I’d Like to Teach the World the Quilt in Perfect Harmony
Bert Garino, Florida
Before I get to the wonderful quilt above, made by a friend of mine, I’ve had some interesting responses on my posts about Road. I hope I made it clear I was not denigrating any of the quilters who made the snazzle-dazzle quilts. They’ve spent hours and hours on their creations and while I may moan about the proliferation of these types of quilts at this particular show, my observations should in no way imply that their quilts are deficient in any way.
Bert notes that: “Bling” was the keyword for winners at Houston this year too. I find it interesting that so many of the prizewinning quilts show up at so many different shows. It seems to be a business for the winners, and the rest of us lifelong quilters just go to see what they have come up with each year. I’ve been a “quilt angel” in Houston the last few years, and so I got to hear a lot of comments from quilt viewers. It seems that a lot of the quilts are more intimidating than inspirational to a lot of quilters.
Rachel says: I think your observations have really been spot on. Perhaps the reason we are more inspired by the vendors is because they are making/selling the kinds of quilts we want to make. I’ve noticed the trend toward show quilts.
Kris made the comment that: I agree that show quilting has gone to a whole different level, but I think that it is worth mentioning that the “bling” quilts you are showing were designed for the art or non-traditional innovative quilting categories. They were specifically not made as traditional quilts and as such really can’t be compared to them.
Now back to this quilt.
Bert Garino, who served as President of the Mt. Vernon chapter of the Quilters Unlimited Guild in Virigina (a HUGE guild of 11 chapters) shortly after I left DC, made this quilt for the guild’s quilt show in February 2009, where the challenge was “All the World’s a Stage.” She says that she “loved this little quilt so much, I thought more folks should see the message written on it,” and she enetered it into Houston where it was juried it as “Art – Whimisical.”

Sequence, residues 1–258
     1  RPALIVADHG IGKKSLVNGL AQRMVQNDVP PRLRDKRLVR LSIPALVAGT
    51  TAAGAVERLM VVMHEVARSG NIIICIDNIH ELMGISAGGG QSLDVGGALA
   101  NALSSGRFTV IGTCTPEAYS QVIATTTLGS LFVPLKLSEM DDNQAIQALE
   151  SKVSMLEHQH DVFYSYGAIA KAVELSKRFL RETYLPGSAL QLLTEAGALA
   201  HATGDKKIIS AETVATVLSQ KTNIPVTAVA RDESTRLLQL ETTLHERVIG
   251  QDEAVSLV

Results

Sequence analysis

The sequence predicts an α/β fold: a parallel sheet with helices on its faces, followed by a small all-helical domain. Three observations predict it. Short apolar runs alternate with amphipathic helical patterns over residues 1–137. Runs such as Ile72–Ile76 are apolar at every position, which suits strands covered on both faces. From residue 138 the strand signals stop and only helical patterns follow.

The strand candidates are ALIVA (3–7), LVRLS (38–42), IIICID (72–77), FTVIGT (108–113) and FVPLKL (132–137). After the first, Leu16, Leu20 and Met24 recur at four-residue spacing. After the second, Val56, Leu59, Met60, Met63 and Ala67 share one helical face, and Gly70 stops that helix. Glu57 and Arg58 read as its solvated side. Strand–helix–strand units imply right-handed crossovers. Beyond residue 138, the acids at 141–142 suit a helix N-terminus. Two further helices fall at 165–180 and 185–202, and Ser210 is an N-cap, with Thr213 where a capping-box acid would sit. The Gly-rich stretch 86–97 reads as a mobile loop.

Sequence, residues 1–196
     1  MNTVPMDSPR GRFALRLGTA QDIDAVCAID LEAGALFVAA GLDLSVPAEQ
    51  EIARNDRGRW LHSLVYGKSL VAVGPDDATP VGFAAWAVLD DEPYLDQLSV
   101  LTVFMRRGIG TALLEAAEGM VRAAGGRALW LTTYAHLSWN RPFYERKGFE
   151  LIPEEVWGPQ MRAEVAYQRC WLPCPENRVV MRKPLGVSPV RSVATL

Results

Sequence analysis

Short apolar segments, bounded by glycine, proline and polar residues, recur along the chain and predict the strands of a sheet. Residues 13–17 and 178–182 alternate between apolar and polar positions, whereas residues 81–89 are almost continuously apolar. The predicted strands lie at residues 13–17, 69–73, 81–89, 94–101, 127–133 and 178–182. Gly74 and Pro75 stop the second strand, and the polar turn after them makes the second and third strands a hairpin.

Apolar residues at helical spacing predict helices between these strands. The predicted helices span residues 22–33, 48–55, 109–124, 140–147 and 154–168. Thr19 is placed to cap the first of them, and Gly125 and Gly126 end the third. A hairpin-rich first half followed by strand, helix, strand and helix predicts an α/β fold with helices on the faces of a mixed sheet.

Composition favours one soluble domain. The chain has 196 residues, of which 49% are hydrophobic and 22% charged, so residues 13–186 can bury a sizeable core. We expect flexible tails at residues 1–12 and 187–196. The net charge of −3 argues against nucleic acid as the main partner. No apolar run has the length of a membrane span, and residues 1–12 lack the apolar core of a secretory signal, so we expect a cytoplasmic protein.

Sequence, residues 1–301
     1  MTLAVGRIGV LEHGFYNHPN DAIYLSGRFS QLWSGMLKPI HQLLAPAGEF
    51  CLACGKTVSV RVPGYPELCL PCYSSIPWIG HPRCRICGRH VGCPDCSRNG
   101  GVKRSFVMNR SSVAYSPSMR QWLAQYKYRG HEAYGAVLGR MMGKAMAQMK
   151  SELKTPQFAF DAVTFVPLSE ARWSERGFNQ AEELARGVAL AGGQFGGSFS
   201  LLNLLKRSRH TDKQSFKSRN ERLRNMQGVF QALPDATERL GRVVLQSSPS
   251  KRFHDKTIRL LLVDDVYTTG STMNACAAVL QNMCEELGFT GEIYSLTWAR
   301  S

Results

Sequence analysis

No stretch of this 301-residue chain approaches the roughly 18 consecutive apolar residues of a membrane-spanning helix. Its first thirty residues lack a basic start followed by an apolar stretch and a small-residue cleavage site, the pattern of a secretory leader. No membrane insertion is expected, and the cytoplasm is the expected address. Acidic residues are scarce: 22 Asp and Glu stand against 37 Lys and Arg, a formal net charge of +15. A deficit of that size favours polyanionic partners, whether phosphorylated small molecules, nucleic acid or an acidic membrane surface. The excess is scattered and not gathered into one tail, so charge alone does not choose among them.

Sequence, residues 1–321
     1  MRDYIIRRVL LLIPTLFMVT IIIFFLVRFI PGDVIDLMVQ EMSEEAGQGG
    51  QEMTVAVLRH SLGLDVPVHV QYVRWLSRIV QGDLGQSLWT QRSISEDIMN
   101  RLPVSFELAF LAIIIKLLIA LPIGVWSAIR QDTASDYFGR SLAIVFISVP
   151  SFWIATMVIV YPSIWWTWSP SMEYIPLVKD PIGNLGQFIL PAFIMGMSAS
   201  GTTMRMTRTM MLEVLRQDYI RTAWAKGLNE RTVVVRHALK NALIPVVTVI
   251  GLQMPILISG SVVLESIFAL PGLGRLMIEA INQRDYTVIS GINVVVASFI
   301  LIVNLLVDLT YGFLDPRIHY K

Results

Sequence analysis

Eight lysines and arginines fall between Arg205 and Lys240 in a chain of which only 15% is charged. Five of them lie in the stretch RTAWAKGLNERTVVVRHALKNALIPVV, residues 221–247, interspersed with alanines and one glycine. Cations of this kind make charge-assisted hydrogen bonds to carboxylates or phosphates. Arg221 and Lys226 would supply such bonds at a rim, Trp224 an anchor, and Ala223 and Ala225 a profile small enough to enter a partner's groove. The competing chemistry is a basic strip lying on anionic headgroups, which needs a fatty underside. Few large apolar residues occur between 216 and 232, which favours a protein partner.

“The letters written across the earth were done with a permanent pen, and then I quilted around each of the letters. The legs, arms and quilts were done with fabric pens. Each of the little quilts was then quilted individually before being appliqued to their little person in the larger quilt. On the sun I trapunto-ed the Chinese symbols for harmony and the doves flying in the sky are carrying various thread bits. The quilt was made to bring a smile to people’s faces and to share in the joy of each quilt maker’s journey.”
Bert writes “It just smiled on the wall hanging amidst all these ‘thousands of work hour’ quilts, wondering how it got there. I think we all need to just enjoy the art and hard work of all the quilters, and know that we all have our favorites that we would like to emulate. For me, the favorite quilts that I’ve made have been given to soldiers returning from Iraq, families in shelters or given to new babies, family and loved ones.”
Thanks, Bert. Sometimes we get all wrapped up in the business of quilting, that we forget its origins as a necessity, as well as a way for early quilters to express some of their creativity. I love that Bert sent me these pictures and the last one with her radiant smile helps me to remember why I quilt.